It's a sign of just how obscene the Miami real estate market is, when a nice but ultimately not particularly outstanding Mediterranean Revival number on Miami Beach attempts to get over four times the price it sold for 11 years ago.
In the heart of New Port Richey, FL's quaint little downtown, a historic hotel built in the 1920s in the Spanish Mediterranean style has been renovated and reopened. On the west coast of Florida, north of St. Petersberg, the Hacienda Hotel survived the recent Hurricane Ian largely unscathed.
When the exquisitely wealthy businesswoman and philanthropist Adrienne Arsht listed her magnificent and massive Miami estate for sale in January, spectacularly priced at $150 million, it was a news item significant enough to command splashy spreads on the covers of the Miami Herald and the Wall Street Journal's Mansion section. To put it mildly, it was a major, major news item, not just because it could set a new record for the most expensive residential sale in South Florida, but because of the size, prominence, and history of the property itself.
This immaculately preserved and restored palazzo in the heart of Morningside, the City of Miami's first historic district, was built in 1926. It hist the market on Sunday for $3,399,000, and in the intervening time it must have had a pretty exciting existence, if the bright and eclectic interior is any evidence. Located at 5600 NE 6th Avenue, the house is in the heart of the neighborhood.
This historic Miami Beach house, designed by architects Phineas Paist and Harold Steward in 1934, has been thoroughly updated while retaining many of the historic details that made it special--such as the wood panelling in the foyer and the plasterwork on the dining room ceiling--and likely losing other bits.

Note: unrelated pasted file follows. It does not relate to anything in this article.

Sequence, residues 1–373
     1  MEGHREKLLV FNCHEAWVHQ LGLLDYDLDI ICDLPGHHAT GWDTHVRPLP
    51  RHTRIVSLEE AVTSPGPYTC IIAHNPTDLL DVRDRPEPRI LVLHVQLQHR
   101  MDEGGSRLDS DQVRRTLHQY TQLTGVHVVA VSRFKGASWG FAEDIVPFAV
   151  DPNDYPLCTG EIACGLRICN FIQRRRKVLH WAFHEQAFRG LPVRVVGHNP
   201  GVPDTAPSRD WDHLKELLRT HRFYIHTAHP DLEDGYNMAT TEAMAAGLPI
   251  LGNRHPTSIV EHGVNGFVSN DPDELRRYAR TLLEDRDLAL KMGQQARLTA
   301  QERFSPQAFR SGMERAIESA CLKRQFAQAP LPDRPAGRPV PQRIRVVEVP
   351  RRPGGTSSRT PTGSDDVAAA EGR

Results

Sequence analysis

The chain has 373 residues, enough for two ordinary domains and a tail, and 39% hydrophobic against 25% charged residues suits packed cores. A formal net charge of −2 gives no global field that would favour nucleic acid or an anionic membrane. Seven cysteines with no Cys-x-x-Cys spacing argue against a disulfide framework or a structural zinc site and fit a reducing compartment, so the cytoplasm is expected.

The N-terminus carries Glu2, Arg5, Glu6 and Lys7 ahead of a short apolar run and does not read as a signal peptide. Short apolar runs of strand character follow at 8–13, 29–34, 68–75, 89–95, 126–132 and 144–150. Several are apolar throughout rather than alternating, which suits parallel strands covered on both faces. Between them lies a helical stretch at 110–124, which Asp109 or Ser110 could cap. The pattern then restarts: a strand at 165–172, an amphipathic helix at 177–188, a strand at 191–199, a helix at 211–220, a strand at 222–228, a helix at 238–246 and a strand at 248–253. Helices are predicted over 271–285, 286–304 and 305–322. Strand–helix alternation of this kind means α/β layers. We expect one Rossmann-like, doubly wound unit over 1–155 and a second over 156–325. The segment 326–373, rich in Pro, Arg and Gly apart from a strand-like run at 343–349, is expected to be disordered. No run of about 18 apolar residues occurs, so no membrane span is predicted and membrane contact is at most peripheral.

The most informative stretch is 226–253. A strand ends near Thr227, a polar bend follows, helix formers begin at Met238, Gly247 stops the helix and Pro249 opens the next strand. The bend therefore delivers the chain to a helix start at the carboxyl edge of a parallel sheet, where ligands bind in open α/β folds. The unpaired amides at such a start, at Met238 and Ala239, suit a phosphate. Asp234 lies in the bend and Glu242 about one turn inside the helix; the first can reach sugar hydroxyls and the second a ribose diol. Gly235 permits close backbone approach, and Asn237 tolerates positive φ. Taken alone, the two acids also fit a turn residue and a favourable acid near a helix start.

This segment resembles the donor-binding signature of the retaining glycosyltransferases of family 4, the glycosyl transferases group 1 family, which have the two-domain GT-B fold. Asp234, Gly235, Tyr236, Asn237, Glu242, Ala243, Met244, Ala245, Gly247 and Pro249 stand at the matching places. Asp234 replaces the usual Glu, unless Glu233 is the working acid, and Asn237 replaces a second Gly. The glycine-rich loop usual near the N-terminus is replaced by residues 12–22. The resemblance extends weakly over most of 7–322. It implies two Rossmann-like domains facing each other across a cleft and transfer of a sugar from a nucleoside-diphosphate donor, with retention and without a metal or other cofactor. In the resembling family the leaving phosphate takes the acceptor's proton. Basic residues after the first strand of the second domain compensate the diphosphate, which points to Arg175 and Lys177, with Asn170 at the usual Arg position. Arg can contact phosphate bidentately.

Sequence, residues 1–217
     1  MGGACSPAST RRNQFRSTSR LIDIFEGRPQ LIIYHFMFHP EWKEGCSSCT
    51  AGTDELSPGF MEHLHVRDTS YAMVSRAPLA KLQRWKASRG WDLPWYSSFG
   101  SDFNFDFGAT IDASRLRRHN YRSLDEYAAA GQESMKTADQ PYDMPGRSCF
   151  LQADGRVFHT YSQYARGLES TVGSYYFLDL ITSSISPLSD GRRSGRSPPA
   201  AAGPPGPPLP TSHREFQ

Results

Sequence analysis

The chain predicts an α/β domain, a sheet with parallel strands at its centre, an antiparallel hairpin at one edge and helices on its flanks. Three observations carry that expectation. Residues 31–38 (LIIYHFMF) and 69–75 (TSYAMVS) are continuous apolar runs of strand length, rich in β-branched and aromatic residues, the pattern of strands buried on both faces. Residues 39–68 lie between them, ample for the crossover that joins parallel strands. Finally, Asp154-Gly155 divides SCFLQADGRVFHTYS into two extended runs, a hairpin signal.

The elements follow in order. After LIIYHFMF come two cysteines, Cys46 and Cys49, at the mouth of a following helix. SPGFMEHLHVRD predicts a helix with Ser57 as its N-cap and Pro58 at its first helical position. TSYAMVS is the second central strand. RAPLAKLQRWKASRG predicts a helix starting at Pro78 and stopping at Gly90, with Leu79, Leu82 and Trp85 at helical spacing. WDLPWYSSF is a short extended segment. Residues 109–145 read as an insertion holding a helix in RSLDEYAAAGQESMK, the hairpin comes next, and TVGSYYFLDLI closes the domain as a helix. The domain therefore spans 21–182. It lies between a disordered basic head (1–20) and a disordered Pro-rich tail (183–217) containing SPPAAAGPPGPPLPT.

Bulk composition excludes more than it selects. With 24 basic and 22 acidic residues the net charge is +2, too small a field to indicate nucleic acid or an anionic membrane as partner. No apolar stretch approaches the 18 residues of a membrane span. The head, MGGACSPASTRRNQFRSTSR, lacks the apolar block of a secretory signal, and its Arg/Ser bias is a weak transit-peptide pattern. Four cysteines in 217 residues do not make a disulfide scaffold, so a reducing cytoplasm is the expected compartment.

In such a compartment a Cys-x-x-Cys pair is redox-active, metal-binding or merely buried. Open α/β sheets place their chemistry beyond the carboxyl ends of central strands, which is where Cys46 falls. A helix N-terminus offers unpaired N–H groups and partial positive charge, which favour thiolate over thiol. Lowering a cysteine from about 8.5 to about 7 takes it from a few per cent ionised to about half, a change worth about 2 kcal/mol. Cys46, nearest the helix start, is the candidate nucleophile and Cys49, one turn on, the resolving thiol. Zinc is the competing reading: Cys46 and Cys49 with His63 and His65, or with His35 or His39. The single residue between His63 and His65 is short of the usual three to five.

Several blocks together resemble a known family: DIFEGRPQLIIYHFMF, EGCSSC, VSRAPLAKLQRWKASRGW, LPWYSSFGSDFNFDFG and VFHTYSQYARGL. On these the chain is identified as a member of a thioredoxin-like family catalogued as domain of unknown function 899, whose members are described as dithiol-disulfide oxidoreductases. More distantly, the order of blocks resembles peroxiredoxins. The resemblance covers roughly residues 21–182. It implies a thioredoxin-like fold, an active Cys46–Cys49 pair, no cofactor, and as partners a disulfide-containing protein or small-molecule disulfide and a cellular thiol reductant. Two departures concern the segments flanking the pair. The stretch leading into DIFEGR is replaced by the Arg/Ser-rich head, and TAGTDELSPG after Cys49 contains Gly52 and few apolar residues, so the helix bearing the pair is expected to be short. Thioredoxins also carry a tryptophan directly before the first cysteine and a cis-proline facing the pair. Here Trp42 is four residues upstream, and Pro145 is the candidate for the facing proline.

Way back in 2012 on Curbed Miami, I wrote about this baronial med revival palazzo located in the gated compound of Hughes Cove, named after one-time owner Howard Hughes, with views looking over a private harbor to Biscayne Bay. The real estate market was emerging from the doldrums of the Great Recession, the house--built in 2003--was listed for $13 million, and things were looking up.
There could be something funky about the house. Certainly the combination of original Med Revival architectural details, and modern-day alterations that don't quite seamlessly duplicate the quality of the house, might make it look a little off. But this massive $40 million house has stuck on the market for three years more likely because, well, it's a sluggish market.
Built in 1924, this mediterranean revival house in Morningside, the City of Miami's first historic district, has been renovated to its original charm and beauty. The main house has three bedrooms, two baths, a fireplace, a vaulted kitchen and a sunny Florida room.
This home and studio, located in Phipp's Plaza, a residential and commercial plaza with central green space in the center of Palm Beach, is the home and studio of modern-day interior designer Scott Snyder, and was the home and studio of Marion Sims Wyeth, an architect who designed many notable projects around South Florida in the freewheeling 1920s.
Ximena Caminos, who blew into town alongside her now ex-husband, Alan Faena, to buy up much of Mid Beach and turn it all into the Faena District, a theatrical, over-the-top, and fantastical mini-neighborhood, is selling her unique home on Pine Tree Drive in Miami Beach for $6.25 million.